At some point everyone has to die. It may be sudden and unexpected or you might have plenty of time to think about it. Contemplating ones's own death is a practice used by both Buddhist and Christian monks. Having no fear of death is also considered a sign of boddhisatva or a saint. Alan watts never claimed to be enlightened but he did report maintaining a state of no fear for several days. He's said something like, you could have chopped off my head and I wouldn't have cared. If I think about it I am afraid of dying right now - if someone tried to chop off my head I would be really upset! From a Christian perspective, fear of death reflects a lack of faith. We will all die and mostly it happens when we would rather not, so if I fear it now how will I be when it actually happens. Fear of death is fear of letting go of the things associated with our life. In life when something precious is taken away it feels like part of us has died, but we are still living. This is especially true when we have lost access to a loved one.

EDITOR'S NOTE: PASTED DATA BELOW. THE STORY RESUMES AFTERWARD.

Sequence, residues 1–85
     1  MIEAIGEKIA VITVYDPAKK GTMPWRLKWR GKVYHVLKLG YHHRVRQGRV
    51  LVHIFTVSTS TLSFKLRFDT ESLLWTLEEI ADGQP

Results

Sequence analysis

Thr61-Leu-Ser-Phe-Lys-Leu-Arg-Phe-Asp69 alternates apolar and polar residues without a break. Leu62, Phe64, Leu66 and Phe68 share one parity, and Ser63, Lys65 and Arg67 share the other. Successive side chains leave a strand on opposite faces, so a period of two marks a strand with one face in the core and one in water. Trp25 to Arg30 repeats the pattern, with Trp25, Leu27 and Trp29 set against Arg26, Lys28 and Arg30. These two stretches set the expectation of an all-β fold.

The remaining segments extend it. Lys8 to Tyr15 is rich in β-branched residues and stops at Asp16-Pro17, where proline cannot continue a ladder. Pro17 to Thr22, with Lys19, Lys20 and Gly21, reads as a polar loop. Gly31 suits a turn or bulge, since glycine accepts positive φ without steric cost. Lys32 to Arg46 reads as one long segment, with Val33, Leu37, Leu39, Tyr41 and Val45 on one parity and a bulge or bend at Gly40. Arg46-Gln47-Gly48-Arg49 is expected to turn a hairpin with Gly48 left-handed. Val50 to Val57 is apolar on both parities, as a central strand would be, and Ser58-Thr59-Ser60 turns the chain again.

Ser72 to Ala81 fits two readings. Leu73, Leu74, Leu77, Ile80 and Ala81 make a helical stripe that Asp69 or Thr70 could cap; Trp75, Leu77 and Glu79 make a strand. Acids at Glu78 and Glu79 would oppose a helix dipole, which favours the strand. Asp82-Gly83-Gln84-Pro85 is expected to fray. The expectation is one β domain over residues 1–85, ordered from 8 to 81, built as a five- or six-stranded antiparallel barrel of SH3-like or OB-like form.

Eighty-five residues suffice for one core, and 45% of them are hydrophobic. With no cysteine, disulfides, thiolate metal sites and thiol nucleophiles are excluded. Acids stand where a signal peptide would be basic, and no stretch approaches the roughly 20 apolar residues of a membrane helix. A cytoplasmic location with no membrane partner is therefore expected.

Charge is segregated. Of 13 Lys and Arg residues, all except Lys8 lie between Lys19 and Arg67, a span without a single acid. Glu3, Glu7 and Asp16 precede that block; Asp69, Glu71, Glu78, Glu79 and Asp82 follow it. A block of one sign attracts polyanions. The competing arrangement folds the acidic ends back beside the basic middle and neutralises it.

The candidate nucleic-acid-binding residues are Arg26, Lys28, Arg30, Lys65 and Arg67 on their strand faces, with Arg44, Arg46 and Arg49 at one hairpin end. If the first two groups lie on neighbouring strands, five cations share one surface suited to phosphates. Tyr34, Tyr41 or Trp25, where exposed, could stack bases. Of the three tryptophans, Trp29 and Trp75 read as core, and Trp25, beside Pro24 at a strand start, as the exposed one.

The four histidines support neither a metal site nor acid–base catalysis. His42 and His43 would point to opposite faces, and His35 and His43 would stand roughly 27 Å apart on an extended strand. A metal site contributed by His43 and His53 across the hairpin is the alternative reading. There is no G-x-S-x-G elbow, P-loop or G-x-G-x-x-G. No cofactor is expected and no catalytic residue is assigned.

In the brain, all the different things that cause happiness do so by firing neurons. But this does not mean that the feeling or ”qualia” of happiness is merely an electrical signal or neurotransmitter. If I have a dish of dopamine and I pour some more dopamine into it, does this cause the dish to experience happiness??? No! (dopamine is a neurotransmitter associated with reward). Likewise, most physicists no longer believe that time is a fundamental property of the universe (don't have a reference off hand for this but there was a good article on this in a recent scientific american). Instead, like qualia, time appears to be an emergent property that plays no direct role in the physical universe. So death, which is the end of something in time, is an illusion. Likewise the feeling of sadness associated with a loss is an illusion. We have to deal with it because we're programmed (through evolution) to think in terms of gain and loss, but it helps to know that it is an illusion.
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